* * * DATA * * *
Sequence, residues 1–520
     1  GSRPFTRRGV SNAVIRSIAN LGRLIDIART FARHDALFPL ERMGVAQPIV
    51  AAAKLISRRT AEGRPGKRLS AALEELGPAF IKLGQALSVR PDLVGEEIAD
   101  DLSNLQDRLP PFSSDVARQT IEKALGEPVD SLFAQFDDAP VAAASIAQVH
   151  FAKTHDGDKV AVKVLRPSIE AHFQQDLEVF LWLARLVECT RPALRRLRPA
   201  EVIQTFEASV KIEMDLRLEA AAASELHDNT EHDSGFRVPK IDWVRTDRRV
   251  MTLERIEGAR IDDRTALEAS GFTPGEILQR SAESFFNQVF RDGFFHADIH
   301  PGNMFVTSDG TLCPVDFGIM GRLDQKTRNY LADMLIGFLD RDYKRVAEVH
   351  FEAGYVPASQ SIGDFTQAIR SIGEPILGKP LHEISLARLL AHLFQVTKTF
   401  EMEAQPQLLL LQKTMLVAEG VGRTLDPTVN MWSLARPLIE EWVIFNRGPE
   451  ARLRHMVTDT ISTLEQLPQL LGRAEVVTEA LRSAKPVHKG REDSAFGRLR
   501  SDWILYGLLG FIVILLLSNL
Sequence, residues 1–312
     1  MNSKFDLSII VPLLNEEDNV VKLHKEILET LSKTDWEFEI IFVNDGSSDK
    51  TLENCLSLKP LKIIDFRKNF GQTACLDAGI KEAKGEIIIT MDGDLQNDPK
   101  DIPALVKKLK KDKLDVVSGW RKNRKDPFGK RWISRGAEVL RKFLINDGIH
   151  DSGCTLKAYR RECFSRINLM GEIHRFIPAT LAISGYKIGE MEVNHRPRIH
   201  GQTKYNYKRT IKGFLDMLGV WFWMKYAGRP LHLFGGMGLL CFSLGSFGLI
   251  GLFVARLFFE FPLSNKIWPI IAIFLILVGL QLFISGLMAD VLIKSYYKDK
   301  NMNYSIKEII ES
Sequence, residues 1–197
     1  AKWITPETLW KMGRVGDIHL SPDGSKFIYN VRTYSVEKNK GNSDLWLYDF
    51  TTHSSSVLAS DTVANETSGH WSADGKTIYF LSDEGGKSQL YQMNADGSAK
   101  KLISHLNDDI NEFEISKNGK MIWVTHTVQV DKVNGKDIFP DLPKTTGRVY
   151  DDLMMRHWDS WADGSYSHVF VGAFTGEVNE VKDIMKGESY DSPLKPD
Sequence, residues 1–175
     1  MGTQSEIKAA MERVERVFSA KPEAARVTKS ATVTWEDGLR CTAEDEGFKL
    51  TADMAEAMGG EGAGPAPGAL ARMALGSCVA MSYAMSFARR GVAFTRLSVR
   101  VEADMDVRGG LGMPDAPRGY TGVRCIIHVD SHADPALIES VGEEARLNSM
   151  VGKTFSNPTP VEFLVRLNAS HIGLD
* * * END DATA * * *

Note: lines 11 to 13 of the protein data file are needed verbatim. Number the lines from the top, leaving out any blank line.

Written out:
   451  ARLRHMVTDT ISTLEQLPQL LGRAEVVTEA LRSAKPVHKG REDSAFGRLR
   501  SDWILYGLLG FIVILLLSNL
Sequence, residues 1–312